Norillag, Norilsk Corrective Labor Camp (Russian: Норильлаг, Норильстрой, Норильский ИТЛ) was a gulag labor camp set by Norilsk, Krasnoyarsk Krai, Russia and headquartered there. It existed from June 25, 1935 to August 22, 1956.
Initially, the Norillag labor force was responsible for the construction of the Norilsk mining-metallurgic complex and for mining copper and nickel. Its activities gradually expanded into virtually all economical functions of the region, from fishing to "reconstruction of the house where lived Comrade I.V. Stalin in exile".
Starting from 1,200 inmates in 1935, its numbers jumped to 9,000 in 1937 (the onset of the Great Purge) and peaked in 1951 at 72,500, housed in 30 camp sections. Memorial estimates the total number of its inmates over the history of the camp at 400,000, with about 300,000 being political prisoners. The geography of this camp system included the Norilsk area, including Dudinka and Kayerkan, as well as more remote places, including Krasnoyarsk and some agricultural camps in Kureika (village), Atamanovo and Shushenskoye
Initially the construction activities were handled by the Norilstroy (Норильстрой), while Norillag supplied the workforce and some infrastructure.
It was closed in 1957, together with most of the Gulag system.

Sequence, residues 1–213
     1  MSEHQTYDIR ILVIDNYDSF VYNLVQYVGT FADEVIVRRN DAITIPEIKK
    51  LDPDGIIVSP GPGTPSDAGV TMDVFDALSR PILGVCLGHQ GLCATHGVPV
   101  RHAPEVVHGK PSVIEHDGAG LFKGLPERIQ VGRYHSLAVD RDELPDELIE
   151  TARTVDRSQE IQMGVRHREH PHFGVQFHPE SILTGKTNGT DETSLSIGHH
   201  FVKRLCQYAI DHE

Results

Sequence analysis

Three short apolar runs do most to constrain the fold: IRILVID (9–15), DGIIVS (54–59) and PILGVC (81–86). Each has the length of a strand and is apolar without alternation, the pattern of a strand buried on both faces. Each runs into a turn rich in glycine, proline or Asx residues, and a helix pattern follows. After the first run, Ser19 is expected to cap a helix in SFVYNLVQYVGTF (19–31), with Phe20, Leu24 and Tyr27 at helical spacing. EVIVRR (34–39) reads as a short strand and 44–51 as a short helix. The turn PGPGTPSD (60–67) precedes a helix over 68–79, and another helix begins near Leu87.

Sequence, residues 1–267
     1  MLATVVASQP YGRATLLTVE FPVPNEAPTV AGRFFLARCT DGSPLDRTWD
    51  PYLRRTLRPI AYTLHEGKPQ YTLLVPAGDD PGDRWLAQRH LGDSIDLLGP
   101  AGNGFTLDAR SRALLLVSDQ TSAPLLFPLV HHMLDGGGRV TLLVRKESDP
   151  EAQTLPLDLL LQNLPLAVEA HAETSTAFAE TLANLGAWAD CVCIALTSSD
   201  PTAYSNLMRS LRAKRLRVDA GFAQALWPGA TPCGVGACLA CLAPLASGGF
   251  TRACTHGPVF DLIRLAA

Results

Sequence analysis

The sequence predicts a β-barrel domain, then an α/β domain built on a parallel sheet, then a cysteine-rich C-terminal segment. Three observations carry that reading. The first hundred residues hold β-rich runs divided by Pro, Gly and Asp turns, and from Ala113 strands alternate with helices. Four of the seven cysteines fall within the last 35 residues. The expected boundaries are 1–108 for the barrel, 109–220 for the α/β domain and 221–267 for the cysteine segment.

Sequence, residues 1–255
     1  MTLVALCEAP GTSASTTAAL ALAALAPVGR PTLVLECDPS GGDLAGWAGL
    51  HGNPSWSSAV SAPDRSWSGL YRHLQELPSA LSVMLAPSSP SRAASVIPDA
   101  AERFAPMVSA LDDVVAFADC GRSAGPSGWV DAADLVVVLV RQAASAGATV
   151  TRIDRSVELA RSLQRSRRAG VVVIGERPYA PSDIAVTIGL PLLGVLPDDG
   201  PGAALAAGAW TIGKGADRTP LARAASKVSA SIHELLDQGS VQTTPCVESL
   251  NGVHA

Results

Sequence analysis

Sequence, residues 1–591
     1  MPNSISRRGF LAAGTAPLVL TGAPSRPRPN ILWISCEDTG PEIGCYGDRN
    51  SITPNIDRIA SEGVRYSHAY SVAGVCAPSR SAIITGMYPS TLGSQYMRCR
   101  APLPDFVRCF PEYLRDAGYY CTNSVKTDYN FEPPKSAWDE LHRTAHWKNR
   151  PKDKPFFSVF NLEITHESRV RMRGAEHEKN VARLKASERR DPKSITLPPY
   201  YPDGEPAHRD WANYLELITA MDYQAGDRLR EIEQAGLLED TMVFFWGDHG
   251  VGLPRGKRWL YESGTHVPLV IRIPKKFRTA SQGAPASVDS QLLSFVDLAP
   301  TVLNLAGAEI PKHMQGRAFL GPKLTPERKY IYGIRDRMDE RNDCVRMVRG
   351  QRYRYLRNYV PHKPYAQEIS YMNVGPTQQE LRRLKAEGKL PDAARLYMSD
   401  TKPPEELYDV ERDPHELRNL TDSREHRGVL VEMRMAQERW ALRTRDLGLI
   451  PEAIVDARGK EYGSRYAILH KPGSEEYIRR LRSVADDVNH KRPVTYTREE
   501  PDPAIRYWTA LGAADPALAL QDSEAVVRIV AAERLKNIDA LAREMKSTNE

Selected notable inmates
- Aleksei Balandin
- Dmitri Bystrolyotov
- Herbert Brede (1888–1942), Estonian military commander
- Walter Ciszek (1904–1984), Polish-American Jesuit priest
- Eufrosinia Kersnovskaya (1908–1994), writer and artist
- Grigoriy Kirdetsov (1880–1938), journalist and translator
- Jānis Medenis (1903–1961), Latvian poet and writer
- Isaiah Oggins (1898–1947), American communist and Soviet spy
- Jacques Rossi (1909–2004), Polish-French writer and polyglot
- Nikolay Urvantsev (1893–1985), geologist and explorer
- Nikolai Vekšin (1887–1951), Estonian sailor
- Karlo Štajner (1902-1992), Croatian writer
- Ertz, Simon Chapter 7, "Building Norilsk" In "The Economics of Forced Labor: The Soviet Gulag", Paul R. Gregory, Valery V. Lazarev (eds.). Stanford: Hoover Institution Press, 2003 ISBN 0-8179-3942-3
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